Blue Note Turns 75
As part of the yearlong celebration of Blue Note Records’ 75th anniversary, on March 25 the venerable jazz record label unveiled the exhibit “Blue Note Records: The Finest In Jazz” in the Mike Curb Gallery at the Grammy Museum in Los Angeles. The opening night of the exhibit brought together the label’s president, Don Was, and trumpeter Terence Blanchard for a discussion, followed by a performance by Blanchard’s quintet.
The exhibit is small but lovingly assembled, occupying a corner near the well-lit belongings of Cheap Trick’s Rick Nielsen and opera star Placido Domingo’s stage costumes. The majority of the exhibit hinges on seven video screens showing interviews with Was, producer Michael Cuscuna and pianist Jason Moran, along with unidentified live concert footage and various documentary vignettes.
The limitations of the exhibit create strange juxtapositions in summing up 75 years of business operations.
Rare artifacts like Kenny Dorham’s trumpet and Thelonious Monk’s hat are encased alongside newer items like José James’ leather jacket, which could still be part of his stage wardrobe today. In center display cases, numerous album covers and contact sheets were mounted on the walls.
The informal conversation was moderated by the museum’s executive director, Bob Santelli, who lobbed friendly questions to his guests. Blanchard addressed his motivations for teaching, embracing the need to pass on the knowledge imparted by his former employer Art Blakey. The participants discussed the mystery of Rudy Van Gelder’s recording studio as well as the allure of the “cigarettes and saxophones” that graced so many of the label’s classic album covers.
“You can only put out .25 percent of the records you want,” explained Was, late in the conversation. As the label has drifted toward r&b under his tenure, he was eager to point out that he is working to keep Blue Note relevant while honoring its fiercely defended history.
One of his highest profile initiatives is a jazz collector’s fantasy project: Beginning last week, the label has begun a vinyl-only reissue campaign to release 100 of its most significant albums. But deciding on which albums to release was not an easy task.
“The first 50, there was no argument,” said Was. “The second 50—was all arguments.” Joe Henderon’sMode For Joe provided Was with his introduction to the label back when he was a teenager, while Blanchard was taken in by Blakey’s Free For All.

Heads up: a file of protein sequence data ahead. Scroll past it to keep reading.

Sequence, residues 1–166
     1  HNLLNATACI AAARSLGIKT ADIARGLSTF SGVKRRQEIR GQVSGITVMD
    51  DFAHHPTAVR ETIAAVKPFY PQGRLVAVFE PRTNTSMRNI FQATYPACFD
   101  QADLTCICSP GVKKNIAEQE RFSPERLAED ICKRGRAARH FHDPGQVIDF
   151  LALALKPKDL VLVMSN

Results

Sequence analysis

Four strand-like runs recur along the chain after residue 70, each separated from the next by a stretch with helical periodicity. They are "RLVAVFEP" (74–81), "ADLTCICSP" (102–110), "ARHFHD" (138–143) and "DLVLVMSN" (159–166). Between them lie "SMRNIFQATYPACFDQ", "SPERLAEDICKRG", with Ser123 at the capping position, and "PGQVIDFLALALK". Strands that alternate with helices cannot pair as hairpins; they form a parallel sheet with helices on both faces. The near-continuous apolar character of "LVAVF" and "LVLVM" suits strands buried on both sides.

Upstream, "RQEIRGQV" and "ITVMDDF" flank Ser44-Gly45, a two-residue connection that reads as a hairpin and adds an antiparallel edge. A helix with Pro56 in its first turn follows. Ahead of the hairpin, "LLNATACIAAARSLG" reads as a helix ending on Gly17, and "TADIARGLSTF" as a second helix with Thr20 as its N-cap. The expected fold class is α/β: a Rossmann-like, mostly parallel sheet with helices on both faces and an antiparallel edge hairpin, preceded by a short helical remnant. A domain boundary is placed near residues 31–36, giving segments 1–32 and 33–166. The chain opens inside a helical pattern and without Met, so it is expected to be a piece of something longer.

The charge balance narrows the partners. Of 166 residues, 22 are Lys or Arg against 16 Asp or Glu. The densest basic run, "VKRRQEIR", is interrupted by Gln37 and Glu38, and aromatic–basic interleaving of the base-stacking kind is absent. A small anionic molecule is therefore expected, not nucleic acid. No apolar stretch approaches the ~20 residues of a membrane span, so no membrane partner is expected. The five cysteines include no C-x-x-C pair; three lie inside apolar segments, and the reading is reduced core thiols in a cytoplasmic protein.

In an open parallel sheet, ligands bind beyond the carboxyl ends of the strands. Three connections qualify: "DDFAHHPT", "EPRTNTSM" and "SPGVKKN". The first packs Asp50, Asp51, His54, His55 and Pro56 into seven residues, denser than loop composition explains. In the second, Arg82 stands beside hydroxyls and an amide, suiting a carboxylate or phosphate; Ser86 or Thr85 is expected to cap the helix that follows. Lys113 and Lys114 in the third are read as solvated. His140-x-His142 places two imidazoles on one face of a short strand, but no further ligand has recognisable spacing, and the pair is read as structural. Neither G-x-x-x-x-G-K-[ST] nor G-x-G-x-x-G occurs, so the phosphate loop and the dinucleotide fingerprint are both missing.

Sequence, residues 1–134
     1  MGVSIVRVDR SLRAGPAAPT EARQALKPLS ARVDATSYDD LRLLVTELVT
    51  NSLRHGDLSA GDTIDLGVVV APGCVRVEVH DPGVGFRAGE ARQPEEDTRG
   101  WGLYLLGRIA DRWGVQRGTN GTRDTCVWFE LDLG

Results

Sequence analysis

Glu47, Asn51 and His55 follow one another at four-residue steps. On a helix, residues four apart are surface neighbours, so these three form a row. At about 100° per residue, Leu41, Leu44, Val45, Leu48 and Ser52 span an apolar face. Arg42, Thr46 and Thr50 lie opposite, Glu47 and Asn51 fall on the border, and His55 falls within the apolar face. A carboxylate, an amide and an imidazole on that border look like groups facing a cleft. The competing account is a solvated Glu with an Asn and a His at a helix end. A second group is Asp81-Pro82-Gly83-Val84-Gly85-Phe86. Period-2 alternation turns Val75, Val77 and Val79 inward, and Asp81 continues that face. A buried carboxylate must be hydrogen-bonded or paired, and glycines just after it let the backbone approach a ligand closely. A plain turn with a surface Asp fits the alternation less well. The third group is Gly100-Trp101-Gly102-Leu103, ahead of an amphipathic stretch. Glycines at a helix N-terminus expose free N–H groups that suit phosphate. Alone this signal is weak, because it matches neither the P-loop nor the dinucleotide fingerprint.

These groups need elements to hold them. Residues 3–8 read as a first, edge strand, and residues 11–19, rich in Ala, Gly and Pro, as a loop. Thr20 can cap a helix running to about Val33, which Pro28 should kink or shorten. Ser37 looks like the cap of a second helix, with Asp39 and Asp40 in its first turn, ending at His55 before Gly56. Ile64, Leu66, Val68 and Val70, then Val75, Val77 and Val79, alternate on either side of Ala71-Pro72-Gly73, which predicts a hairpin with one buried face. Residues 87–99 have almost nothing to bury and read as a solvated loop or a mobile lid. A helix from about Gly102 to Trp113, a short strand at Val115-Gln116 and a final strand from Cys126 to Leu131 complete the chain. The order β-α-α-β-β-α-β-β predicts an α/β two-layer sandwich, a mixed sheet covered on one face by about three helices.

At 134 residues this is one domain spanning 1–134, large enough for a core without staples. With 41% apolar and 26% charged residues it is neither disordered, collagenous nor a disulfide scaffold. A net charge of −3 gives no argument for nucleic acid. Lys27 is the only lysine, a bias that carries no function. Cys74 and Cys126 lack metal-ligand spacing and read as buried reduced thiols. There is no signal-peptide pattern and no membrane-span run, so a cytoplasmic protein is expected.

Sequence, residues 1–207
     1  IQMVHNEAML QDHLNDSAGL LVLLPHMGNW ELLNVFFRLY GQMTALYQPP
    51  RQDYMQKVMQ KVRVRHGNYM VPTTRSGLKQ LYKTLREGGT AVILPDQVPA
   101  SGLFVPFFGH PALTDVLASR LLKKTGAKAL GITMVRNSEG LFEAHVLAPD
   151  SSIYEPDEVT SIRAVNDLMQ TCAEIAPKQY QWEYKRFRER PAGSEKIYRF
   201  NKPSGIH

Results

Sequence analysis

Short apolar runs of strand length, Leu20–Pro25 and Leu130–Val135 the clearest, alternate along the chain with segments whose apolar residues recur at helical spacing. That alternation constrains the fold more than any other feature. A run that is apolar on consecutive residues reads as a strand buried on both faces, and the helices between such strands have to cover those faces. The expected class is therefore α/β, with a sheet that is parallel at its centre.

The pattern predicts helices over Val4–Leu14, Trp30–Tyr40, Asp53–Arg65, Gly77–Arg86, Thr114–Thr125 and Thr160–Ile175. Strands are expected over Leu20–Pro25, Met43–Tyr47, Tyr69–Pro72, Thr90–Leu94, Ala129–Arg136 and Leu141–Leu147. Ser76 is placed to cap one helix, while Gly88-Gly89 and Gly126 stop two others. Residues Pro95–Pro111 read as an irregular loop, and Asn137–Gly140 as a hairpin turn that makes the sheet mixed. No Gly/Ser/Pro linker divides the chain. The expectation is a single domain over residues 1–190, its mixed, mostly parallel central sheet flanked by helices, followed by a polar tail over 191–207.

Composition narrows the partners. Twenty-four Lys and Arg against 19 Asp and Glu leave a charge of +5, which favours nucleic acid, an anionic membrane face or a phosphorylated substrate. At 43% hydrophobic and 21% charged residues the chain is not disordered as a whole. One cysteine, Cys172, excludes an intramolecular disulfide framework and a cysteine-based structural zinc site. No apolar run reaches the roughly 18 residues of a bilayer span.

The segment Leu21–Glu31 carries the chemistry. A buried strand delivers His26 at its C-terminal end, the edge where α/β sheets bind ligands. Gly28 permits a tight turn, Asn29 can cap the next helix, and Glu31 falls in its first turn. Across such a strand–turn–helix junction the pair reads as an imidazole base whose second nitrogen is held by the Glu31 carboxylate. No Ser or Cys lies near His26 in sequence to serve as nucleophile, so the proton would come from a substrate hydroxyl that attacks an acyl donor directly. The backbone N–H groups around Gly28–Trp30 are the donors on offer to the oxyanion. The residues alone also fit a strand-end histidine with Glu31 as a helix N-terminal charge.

The Blakey LP is among the first batch of vinyl reissues, along with John Coltrane’s Blue Train, Eric Dolphy’s Out To Lunch, Wayne Shorter’s Speak No Evil and Larry Young’s Unity. The campaign is slated to continue with new titles popping up monthly through October 2015.
Was pointed out that the project is not aimed at the covetous collector striving for audiophile packaging and a big price tag. Instead, he said the goal was to release “low cost, high quality” vinyl to help spread the label across as many record collections as possible—much like the no-frills CD releases of the ’90s and ’00s.
Was fielded a question from the audience about how to make money as a musician in a Spotify world. “Nobody knows,” he answered bluntly. “We’re not asking for enough money to drive a Maserati, just enough to make a record.”
Blanchard provided sage advice to an aspiring film composer: “Don’t be the headache,” he stated simply. He advised musicians to do their job, stay out of the way and make things as smooth for the filmmaker as possible.
It also helps when you make great music. In a candy-colored outfit complete with wallet chain, Blanchard led his youthful quintet for nearly 40 minutes following the conversation. He was an enthusiastic frontman, craning forward and backward, exhaling enough wind to extinguish a brushfire. The result from his blasting lungs was jagged and impassioned, driven by drummer Jason Faulkner’s bubbling kit. Despite the brevity of the performance, Blanchard settled in quickly with his band and was able to conjure a wide range of moods.